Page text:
I recently read a wonderful analogy about our true position in Christ. It was shockingly contrary to the messages impressed upon me in church, but deeply rooted in the Bible. The analogy is that of child and a parent. If you have ever taken a small ...

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Magazine

Practice prudent pruning: Maintaining manzanita, ceanothus and toyon

Practice prudent pruning: Maintaining manzanita, ceanothus and toyon


tanya kucak/Special to the Town Crier
Shrub manzanitas are known for their sinuous mahogany trunks and branches. If the foliage hides the bark, prune selectively to open the center so that the bark is visible year-round. This Montara manzanita is ...

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Inside Mountain View

Civility Roundtable opens discussion on race, policing

With racially charged unrest shaking places like Ferguson, Mo., New York City and Baltimore, the Mountain View Human Relations Commission posed a question: “How can we prevent Ferguson from happening in Mountain View?”

Nearly 150 residen...

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Lording over the competition: Los Altos K9 cop places first in police dog trials


Courtesy of Julie Ognoskie
Los Altos Police Officer Julie Ognoskie puts K9 cop Lord through his paces at a recent competition. Lord won first place at the event.

The lone four-legged member of the Los Altos Police Department recently added some hardware to his trophy case.

That’s because Lord, the department’s 6-year-old police dog, placed first among 23 competing canines at the annual K9 Witmer-Tyson Trials. The competition, held Oct. 16 and 17 in La Honda, pitted the all-black German shepherd against police canines from neighboring agencies, including Palo Alto and Sunnyvale.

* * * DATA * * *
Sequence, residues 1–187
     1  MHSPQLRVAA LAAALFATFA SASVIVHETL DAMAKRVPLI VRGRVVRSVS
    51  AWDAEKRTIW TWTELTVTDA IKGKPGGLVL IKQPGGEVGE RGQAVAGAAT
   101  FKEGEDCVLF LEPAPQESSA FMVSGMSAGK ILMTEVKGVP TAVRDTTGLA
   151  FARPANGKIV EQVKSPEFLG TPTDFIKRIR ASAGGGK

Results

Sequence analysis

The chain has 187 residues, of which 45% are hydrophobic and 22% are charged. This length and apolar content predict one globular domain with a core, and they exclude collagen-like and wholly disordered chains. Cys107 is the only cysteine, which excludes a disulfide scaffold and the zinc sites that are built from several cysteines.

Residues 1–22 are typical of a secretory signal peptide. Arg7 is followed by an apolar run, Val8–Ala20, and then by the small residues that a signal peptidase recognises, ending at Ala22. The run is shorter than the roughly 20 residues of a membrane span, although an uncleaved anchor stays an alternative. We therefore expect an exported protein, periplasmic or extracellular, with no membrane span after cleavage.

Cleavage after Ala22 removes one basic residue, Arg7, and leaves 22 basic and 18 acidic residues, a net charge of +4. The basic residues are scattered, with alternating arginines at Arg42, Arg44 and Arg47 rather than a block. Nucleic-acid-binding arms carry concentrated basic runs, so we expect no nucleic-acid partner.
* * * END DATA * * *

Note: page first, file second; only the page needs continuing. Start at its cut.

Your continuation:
Los Altos Police Officer Julie Ognoskie, Lord’s handler, said the first-place award is a point of pride for her, also. The competition not only judges the precision of the dogs as they’re put through the paces, but their handlers as well.

“When they announced my name (for first place), I was actually really shocked,” she said, noting that several other teams at the event also had strong performances.

Lord has competed in the trials for four years, said Ognoskie, who became Lord’s handler in 2009, one year after she joined the department. Prior to his first-place finish this year, Lord had placed as high as second in the competition, which tests dogs in a variety of scenarios they might encounter on patrol.

The dogs and their handlers are tested in obedience and obstacles, in addition to search and protection. The protection competition, Ognoskie noted, can be particularly challenging because it demands that handlers control dogs in what she called a simulated “high-drive” environment – chasing after and catching suspects.

“He knows when he sees the guy wearing a full K9 Bite Suit, ‘Oh, I’m going to get to play with that,’” Ognoskie said with a chuckle, noting that Lord took just 23 seconds to sniff out his target in a simulated search drill as well.

Ognoskie added that confidence and trust are two key components in handling Lord while on patrol. That trust extends to other environments as well, including those with children. Her K9 companion is popular with children when visiting local schools to promote safety initiatives.

“He’s very good around kids, and we need that here in Los Altos,” she said.

Her partnership with Lord extends beyond the duties within the Los Altos Police Department. Being a handler is a lifetime commitment that includes taking Lord home and caring for him when off-duty. Once he retires, Ognoskie said she’d purchase Lord from the department and keep him as her own.

“He’s my partner, he’s my pal and he’s my kid,” she said. “It’s definitely a position in the department where you always take your work home with you – but with him, I really don’t mind.”